And if he still continues….
“Dad, your tool box is locked.
“That’s right. For the time being I need to know my tools are exactly where I left them.”
Let’s take this a step further.
Suppose you really have tried everything, and the problem goes on and on? What can you do when there seems to be nothing left but to punish?
When a problem persists, we can usually presume it is more complex that it originally appeared. For a complex problem, a more complex skill is needed.
Parent educators and family counselors have worked out some excellent detailed strategies for resolving difficult conflicts.
Here’s the version I present at Family Coaching Workshops:
- Talk about the child’s feelings and needs.
- Talk about your feelings and needs.
- Together, brainstorm to find a mutually agreeable solution.
- Write down all ideas – without judging or evaluating.
- Decide which suggestions you like, which you don’t like, and which you plan to follow through on.
This story shows how a young boy struggling with the problem of how to deal with his own anger.
Johnny (nine years old) has trouble getting out his feelings of anger. This particular evening, something set him off and he threw down his chair and stormed away from the dinner table with his fists clenched, not knowing an acceptable way to get rid of his anger.
On his way to his room, he accidently knocks down one of his mother’s favorite vases. As she saw it smash and break on the ceramic tile floor, she became furious. Johnny ran into his room and slammed the door. Hard.
After Johnny’s mom managed to glue the vase together and had time to ease her angry feelings, she went to Johnny’s room and knocked on the door.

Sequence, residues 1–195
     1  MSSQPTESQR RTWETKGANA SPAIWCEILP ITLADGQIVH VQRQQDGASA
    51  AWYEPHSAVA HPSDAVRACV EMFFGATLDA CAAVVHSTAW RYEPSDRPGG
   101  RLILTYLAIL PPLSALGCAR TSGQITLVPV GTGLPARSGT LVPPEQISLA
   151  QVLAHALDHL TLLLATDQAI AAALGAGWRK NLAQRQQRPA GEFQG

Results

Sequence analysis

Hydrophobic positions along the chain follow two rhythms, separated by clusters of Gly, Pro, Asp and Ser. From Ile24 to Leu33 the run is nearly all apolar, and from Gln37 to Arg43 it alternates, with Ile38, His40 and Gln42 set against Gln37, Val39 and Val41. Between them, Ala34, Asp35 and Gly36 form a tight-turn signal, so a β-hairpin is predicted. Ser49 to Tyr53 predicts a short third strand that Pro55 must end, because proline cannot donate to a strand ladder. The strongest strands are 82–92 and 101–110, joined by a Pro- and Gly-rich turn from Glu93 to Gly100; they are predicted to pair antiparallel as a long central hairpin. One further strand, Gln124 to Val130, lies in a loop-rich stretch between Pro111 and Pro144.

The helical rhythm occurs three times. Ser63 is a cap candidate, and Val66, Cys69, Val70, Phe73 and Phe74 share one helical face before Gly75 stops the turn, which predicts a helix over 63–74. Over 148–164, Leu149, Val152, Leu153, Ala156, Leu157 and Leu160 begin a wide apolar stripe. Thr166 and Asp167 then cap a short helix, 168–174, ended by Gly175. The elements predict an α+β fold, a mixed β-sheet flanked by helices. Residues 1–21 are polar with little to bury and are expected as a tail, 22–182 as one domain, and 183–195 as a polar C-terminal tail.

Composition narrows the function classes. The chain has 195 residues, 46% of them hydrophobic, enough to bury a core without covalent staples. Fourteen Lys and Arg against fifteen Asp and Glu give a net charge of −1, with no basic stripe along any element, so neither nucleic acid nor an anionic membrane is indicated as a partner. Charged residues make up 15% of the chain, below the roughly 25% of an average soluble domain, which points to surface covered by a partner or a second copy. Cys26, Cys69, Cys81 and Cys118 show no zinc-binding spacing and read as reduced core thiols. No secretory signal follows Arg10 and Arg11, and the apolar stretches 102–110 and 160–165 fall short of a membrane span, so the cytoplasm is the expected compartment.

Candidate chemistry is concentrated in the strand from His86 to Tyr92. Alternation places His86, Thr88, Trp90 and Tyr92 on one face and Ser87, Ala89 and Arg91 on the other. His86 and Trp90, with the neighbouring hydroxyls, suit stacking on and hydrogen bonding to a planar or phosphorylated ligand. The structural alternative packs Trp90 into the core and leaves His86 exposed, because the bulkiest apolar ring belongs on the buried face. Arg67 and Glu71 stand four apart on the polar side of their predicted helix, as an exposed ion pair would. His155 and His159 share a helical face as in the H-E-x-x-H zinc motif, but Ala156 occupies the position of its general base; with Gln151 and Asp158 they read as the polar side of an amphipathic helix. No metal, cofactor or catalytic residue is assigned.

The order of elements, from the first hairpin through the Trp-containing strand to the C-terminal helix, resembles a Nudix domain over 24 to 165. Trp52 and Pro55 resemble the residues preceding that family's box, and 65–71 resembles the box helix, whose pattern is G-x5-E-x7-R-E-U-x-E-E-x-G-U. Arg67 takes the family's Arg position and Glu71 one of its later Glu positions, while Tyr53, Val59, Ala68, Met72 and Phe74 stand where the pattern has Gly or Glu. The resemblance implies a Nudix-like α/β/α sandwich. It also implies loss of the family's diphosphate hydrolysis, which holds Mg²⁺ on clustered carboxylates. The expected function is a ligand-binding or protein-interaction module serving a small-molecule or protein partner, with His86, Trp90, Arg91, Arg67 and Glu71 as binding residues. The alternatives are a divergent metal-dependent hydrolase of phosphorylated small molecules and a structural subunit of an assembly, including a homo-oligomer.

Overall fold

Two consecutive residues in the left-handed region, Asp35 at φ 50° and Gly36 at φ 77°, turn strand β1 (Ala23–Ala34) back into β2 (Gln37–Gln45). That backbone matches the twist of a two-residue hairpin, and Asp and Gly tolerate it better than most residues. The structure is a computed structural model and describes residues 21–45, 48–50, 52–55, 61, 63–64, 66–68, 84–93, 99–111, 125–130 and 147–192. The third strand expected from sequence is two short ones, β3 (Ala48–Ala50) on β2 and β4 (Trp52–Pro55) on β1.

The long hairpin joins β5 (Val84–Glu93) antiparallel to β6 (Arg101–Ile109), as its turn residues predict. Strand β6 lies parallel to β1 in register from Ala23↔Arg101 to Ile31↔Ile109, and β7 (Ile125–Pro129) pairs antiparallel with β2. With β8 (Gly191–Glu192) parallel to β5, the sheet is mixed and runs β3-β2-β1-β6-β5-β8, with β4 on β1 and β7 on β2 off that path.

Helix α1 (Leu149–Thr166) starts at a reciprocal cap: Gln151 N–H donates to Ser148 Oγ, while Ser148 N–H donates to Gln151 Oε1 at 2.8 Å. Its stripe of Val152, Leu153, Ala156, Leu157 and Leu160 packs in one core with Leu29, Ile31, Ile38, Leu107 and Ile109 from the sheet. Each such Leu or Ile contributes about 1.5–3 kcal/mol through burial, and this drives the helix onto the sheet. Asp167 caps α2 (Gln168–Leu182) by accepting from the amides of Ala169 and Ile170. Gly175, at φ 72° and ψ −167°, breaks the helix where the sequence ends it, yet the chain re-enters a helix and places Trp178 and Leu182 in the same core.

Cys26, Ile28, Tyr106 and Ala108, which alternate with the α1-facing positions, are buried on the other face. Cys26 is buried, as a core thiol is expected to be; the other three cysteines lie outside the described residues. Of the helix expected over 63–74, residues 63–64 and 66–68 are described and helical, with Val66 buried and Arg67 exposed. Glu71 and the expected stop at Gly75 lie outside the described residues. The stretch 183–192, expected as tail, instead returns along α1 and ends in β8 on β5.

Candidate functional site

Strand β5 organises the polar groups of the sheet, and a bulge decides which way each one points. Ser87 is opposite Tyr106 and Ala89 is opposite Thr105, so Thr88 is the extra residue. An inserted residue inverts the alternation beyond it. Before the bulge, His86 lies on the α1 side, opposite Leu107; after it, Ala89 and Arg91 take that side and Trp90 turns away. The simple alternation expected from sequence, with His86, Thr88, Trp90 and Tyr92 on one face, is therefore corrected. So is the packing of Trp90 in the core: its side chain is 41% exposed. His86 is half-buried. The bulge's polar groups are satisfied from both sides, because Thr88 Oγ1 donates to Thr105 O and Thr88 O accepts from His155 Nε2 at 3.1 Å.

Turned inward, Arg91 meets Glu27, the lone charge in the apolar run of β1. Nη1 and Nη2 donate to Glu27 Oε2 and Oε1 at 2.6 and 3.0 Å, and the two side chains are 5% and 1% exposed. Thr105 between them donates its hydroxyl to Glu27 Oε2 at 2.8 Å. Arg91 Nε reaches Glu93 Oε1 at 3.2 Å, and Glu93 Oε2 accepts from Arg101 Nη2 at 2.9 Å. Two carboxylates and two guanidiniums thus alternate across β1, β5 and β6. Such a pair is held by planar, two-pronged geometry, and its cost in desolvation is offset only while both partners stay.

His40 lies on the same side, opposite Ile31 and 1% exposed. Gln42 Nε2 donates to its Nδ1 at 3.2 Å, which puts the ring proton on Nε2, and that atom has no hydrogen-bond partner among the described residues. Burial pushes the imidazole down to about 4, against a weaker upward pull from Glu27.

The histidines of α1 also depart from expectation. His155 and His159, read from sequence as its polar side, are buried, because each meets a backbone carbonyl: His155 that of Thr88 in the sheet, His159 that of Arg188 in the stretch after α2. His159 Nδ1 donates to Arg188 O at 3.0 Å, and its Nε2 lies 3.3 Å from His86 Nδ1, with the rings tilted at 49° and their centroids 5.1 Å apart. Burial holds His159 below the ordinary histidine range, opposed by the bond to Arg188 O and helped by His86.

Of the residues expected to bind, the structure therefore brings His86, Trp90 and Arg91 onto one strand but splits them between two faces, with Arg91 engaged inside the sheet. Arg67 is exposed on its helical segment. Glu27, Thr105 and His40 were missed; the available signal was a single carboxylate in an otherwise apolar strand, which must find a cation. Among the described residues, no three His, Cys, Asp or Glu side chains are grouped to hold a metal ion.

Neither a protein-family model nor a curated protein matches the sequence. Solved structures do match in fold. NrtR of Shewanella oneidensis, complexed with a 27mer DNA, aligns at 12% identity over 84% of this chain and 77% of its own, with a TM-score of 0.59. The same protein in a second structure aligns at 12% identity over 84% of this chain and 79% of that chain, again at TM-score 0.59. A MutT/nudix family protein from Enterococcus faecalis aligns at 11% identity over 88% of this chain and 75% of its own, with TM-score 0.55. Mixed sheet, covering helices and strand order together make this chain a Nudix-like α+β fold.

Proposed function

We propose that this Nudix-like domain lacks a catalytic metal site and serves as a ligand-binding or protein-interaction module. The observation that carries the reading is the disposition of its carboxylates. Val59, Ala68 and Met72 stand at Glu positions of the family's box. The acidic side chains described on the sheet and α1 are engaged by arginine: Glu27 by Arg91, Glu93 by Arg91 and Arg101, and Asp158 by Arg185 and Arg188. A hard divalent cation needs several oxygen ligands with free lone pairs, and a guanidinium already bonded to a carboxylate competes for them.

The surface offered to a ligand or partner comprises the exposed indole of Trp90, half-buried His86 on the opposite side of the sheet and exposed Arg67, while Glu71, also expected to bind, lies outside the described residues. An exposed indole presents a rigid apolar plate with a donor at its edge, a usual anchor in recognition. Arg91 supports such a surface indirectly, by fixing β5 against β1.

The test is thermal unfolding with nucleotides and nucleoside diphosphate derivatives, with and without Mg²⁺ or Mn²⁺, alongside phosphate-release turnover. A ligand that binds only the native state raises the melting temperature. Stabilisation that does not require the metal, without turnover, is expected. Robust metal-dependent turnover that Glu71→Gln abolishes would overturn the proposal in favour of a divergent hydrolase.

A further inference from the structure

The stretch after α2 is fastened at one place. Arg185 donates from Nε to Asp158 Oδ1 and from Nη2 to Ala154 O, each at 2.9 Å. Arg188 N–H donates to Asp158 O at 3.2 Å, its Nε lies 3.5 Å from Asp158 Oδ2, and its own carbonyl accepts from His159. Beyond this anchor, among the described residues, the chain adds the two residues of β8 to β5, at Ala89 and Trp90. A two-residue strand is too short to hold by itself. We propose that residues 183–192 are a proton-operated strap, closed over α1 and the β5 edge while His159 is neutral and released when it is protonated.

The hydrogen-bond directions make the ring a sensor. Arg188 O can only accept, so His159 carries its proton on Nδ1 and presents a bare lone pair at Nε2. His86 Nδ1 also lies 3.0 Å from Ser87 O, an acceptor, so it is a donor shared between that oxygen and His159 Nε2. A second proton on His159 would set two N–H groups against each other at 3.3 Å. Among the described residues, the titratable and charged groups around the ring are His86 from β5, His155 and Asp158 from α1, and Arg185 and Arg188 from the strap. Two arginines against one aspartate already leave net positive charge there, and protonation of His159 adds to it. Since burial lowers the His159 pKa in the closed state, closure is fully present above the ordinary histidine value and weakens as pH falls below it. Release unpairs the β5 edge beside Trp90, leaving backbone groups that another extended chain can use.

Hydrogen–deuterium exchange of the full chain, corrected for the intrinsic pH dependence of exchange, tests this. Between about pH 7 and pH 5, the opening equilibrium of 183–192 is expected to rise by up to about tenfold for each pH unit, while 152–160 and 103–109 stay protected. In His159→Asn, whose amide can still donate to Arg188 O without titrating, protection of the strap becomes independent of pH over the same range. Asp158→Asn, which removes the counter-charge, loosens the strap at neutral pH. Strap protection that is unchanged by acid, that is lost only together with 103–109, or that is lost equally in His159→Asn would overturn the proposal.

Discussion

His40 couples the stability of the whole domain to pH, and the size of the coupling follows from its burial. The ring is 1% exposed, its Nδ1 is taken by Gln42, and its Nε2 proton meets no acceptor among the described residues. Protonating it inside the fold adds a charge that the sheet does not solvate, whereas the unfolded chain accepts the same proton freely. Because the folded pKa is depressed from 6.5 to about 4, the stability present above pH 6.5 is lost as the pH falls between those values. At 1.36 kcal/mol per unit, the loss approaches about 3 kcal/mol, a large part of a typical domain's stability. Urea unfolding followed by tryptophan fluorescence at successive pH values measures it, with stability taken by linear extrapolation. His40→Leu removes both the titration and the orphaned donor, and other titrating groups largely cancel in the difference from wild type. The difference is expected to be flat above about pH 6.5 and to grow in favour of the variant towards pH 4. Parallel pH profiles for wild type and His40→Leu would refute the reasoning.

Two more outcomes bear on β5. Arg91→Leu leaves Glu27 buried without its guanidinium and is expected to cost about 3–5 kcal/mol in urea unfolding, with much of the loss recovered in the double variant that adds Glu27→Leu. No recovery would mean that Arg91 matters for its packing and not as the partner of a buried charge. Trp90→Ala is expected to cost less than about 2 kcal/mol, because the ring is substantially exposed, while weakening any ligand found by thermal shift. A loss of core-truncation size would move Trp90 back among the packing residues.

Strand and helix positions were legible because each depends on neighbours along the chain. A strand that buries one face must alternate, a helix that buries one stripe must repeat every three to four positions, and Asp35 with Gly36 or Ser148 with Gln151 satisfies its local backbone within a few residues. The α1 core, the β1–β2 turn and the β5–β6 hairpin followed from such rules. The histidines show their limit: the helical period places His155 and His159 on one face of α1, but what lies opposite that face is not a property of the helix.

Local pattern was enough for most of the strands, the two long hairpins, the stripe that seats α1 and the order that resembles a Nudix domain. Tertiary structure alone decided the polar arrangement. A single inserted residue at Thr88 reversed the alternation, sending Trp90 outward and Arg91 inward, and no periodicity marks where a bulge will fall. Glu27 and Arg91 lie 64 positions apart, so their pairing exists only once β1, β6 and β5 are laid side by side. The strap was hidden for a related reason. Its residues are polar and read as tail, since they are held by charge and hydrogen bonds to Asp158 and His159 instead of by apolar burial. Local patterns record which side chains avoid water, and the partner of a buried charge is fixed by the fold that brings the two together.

“I would like to come in and sit down and talk.”
Johnny looked at his mom with gratitude and said, “Yes.”
It was as if was reassured merely by his mom’s presence that she still loved him and thought of him as a human being, not as a clumsy, uncontrolled kid.
“How do you feel when you get so angry, Johnny?”
“I want to punch someone or break something, slam things as hard as I can.”
“When you show your anger that way I want to go into your room and take your favorite toy and tear it apart.”
Johnny looked at mom.
Mom looked at Johnny.
In unison, “hmmm.”
Johnny’s mom (with paper and pencil in hand) asked Johnny if together they could work out some way of showing or releasing anger that they could both live with.
Dad could hang up Johnny’s punching bag.
Turn on music as loud as it goes.
Go outside and run around the house ten times.
Breathe through your nose.
Jump hard on the floor.
Rip up paper.
Warrior One yoga pose.
As Johnny and his mom went back over the list, they settled on four possibilities and why they would work.
At the end of their conversation, Johnny and his mom were sitting closely and touching and talking calmly.
Finally mom said, “there’s only thing I’d like to add, and it’s something that’s always available to you when you feel so full of anger.”
“I can talk about it.”
Johnny and his mom went to bed feeling really good.
Loretta Holmes, MA CMHWC is the founder of Bella ADHD & Family Coaching. Discover more about Bella ADHD & Family Coaching and coaching packages offered at www.bellaADHDcoaching.com